Hurr durr hullo

I love you... ovo

29,561 notes


when it comes to specific poses I try to first draw the most basic shapes and movement lines and then gradually go into more and more details, like so:



if you have difficulties with perspective, try drawing a perspective grid first:


it’s nothing different than tips from other artists, but I hope it helped a little ;u;

(via burdge)

Filed under drawing reference pose poses

753 notes

milaismysunshine asked: Do you have any advice for writing about illegal street races? I haven't been able to find much. I was also wondering if you would be able to find anything about writing about a drug cartel.


Street Racing

Car Chases

Vocabulary [car-chase lingo defined]

Vocabulary [sounds]

  • Came
  • Spun (up)
  • Cranked
  • Sputtered
  • Whined
  • Coughed
  • Rumbled
  • Grumbled
  • Growled
  • Snarled
  • Revved
  • Zoomed
  • Vroomed
  • Screamed
  • Roared
  • Blasted
  • Thundered
  • Exploded
  • Whispered
  • Purred
  • Whirred
  • Hummed
  • Chortled
  • Stuttered

Vocabulary [car related]

  • Max Speed – max car speed
  • Max Reverse Speed – max car speed in reverse
  • Acceleration – acceleration speed
  • Deceleration – braking speed
  • Friction – how far the car rolls before stopping
  • Max Steering Rate – max rate at which car can turn
  • Steering Acceleration – how fast the car starts turning
  • Steering Friction- how fast the car corrects itself (when you “let go of the wheel”)
  • Car Starting Direction – set car rotation on start

Drug Cartels

Links from Havocscope


Filed under writing cars illegal street racing street racing

53,631 notes

high school boy:
omg that girl my age is wearing a skirt above her knees, oh god I can see kneecaps????
high school boy:
school administrator:
shit shit
high school boy:
school administrator:
no don't look don't think about it ok just keep walking
high school boy:
high school admin:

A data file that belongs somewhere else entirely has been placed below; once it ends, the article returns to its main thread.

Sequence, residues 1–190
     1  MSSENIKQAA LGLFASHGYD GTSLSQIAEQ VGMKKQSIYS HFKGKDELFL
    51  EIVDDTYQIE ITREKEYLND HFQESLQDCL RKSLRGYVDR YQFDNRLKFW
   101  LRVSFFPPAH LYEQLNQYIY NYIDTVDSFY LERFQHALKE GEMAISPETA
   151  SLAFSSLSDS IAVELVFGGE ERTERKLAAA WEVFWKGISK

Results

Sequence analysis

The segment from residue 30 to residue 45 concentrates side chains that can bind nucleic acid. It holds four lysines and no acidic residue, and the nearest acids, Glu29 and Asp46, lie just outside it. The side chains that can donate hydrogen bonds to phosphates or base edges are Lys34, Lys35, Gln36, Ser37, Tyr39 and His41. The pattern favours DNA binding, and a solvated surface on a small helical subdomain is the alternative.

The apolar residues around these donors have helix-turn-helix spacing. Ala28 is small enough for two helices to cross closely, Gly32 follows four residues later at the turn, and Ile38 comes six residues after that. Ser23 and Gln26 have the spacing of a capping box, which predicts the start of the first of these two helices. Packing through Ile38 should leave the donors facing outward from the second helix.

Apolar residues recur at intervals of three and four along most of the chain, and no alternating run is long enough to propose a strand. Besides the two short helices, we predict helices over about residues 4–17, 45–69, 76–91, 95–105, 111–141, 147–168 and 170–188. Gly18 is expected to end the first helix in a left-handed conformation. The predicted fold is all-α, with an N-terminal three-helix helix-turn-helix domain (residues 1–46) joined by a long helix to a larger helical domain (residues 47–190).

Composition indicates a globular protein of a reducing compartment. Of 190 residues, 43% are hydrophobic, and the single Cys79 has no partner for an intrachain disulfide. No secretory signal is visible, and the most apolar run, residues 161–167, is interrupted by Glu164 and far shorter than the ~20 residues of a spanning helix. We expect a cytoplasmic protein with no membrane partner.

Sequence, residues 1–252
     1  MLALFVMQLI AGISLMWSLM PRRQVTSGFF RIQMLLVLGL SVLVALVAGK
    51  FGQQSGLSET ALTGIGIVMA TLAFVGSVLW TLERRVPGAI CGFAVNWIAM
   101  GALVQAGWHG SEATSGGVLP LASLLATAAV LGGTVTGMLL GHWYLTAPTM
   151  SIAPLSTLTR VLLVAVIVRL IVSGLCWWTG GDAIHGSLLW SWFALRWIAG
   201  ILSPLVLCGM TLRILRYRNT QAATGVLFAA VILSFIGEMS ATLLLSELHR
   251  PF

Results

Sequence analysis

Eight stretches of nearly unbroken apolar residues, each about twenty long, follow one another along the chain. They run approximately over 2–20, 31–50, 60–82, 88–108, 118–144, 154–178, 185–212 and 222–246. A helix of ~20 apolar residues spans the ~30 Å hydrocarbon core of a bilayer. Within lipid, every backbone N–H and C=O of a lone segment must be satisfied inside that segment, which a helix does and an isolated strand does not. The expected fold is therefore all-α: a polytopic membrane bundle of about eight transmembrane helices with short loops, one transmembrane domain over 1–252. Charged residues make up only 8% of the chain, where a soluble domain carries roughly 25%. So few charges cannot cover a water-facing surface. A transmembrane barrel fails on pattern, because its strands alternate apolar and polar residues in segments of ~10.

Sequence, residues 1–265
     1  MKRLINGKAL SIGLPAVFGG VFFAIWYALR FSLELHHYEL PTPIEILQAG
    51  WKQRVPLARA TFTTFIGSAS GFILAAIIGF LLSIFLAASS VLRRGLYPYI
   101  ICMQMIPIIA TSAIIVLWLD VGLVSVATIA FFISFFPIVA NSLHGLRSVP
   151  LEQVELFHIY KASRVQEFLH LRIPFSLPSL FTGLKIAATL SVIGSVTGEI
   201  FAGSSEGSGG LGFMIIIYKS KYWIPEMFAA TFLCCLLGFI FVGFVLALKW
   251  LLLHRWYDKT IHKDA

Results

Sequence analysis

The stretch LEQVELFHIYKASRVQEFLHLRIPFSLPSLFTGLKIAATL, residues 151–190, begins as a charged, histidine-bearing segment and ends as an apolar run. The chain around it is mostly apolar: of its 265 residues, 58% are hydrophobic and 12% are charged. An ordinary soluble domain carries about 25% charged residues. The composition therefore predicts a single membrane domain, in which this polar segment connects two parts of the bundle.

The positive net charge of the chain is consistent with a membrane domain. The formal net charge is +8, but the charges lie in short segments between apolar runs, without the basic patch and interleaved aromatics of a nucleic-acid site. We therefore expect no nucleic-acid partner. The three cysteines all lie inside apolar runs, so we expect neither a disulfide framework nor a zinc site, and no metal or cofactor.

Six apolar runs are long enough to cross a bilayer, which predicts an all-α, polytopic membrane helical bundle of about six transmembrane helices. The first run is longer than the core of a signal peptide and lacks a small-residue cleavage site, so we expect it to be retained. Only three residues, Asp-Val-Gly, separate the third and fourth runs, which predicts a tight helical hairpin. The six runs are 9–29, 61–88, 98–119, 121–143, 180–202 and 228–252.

fuck shit shit no-
high school boy:

Filed under fffff lulz!

1,152 notes

The Psychology of Writing: 5 Ways to make your Characters “Click” with Readers using Vulnerability, Proximity, Resonance, Similarity, and Shared Adversity


At some point in your life, you’ve experienced magic.

It might have appeared as a sudden spark of unexplainable creativity, the lyrics of a deeply moving poem, the chemistry between two individuals meeting for the first time, the notes of a concert, the dedicated synchronization of a routine, the innovative strokes of an artist’s brush…

An overwhelming sense of connection bound you in the moment. You felt inspired, thrilled, advanced, even enlightened. You feel nostalgic each time emotions of this memory are triggered by a sound, a word, an image, a touch, or a smell. The experience of this moment cannot be put any other way: it is pure magic.

As writers, we strive to create this inexplicable magic through words, with the ultimate goal of connecting with our readers. In giving our readers this sensation of “magic,” we instill a feeling of nostalgia within them that they will carry for the rest of their lives.

In this article, I’ll be discussing a unique, psychological-based approach to creating this connection, built on collected research from noted organizational expert and psychologist Ori & Rom Brafman. Read on to learn five ways in which you can make your book and characters “click” with your readers.

Read More

Filed under writing creative writing